U.S. Senators Urge FAA to Move Forward on Remote ID

U.S. Sens. Edward J. Markey, D-Mass., and John Thune, R-S.D., are calling on the Federal Aviation Administration (FAA) to swiftly publish a proposed rule for the remote identification of unmanned aircraft systems (UAS).

The senators – members of the Commerce, Science, and Transportation Committee – recently sent a letter to the U.S. Department of Transportation (DOT) to urge the FAA to move forward on a remote ID rulemaking.

According to the senators, remote identification could permit the public, the FAA, law enforcement and others to remotely track and identify drones and their operators during flight. Markey and Thune argue that this would help address the rise of unauthorized drone flights in sensitive areas, including near airports and large gatherings. A press release from Markey points out that in April, a drone flew over Fenway Park during a Boston Red Sox game.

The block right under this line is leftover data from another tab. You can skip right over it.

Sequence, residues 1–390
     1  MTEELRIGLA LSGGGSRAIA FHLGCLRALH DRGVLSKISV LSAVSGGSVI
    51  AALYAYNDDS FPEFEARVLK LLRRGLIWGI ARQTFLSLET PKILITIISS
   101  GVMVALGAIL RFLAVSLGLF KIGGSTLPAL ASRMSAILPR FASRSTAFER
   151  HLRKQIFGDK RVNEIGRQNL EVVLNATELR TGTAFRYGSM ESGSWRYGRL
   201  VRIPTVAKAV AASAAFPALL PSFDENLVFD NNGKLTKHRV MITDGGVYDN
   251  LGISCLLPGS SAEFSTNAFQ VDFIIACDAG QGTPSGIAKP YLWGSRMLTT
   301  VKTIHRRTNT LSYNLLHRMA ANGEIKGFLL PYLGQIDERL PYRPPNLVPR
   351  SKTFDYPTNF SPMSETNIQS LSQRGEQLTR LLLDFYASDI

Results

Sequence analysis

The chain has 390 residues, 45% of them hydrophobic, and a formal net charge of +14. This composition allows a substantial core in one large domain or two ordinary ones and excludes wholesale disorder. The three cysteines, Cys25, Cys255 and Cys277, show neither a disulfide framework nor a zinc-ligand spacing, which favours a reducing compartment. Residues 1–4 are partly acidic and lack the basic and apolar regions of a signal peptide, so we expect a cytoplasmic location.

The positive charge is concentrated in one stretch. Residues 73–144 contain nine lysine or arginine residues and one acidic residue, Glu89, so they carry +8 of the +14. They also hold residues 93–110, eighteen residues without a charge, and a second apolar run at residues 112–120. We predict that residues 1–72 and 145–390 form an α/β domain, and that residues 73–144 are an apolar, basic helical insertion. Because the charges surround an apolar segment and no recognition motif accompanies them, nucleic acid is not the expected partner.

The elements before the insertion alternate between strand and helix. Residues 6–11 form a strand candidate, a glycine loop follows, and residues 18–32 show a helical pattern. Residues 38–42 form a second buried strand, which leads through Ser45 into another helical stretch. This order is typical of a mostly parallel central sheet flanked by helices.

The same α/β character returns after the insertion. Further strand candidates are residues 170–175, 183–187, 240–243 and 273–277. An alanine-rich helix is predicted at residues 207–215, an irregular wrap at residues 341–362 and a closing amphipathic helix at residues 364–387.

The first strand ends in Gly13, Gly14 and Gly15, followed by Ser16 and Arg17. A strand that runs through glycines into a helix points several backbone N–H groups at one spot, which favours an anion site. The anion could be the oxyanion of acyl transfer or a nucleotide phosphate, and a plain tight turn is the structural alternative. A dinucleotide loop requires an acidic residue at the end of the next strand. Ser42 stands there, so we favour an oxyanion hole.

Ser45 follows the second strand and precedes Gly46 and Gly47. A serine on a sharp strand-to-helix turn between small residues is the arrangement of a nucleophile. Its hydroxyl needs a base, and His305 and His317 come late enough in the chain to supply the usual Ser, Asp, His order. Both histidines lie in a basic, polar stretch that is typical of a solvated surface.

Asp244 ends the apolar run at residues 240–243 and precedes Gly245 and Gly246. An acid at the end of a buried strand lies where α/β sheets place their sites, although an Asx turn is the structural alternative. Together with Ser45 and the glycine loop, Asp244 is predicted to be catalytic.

“In recent months, a series of UAS sightings in safety-sensitive areas have underscored the need to quickly adopt and implement remote identification,” the senators wrote in an April 29 letter to Elaine Chao, DOT secretary. “Remote identification will enhance safety, security and privacy and serve as a critical tool for law enforcement to respond to and address reports of illegal and unauthorized drone operations.”

Recently – in public comments to the FAA on its proposed rules for routinely flying drones at night and over people, as well as for drone safety and security issues – a number of UAS stakeholders also spoke out on the need for a remote ID solution.

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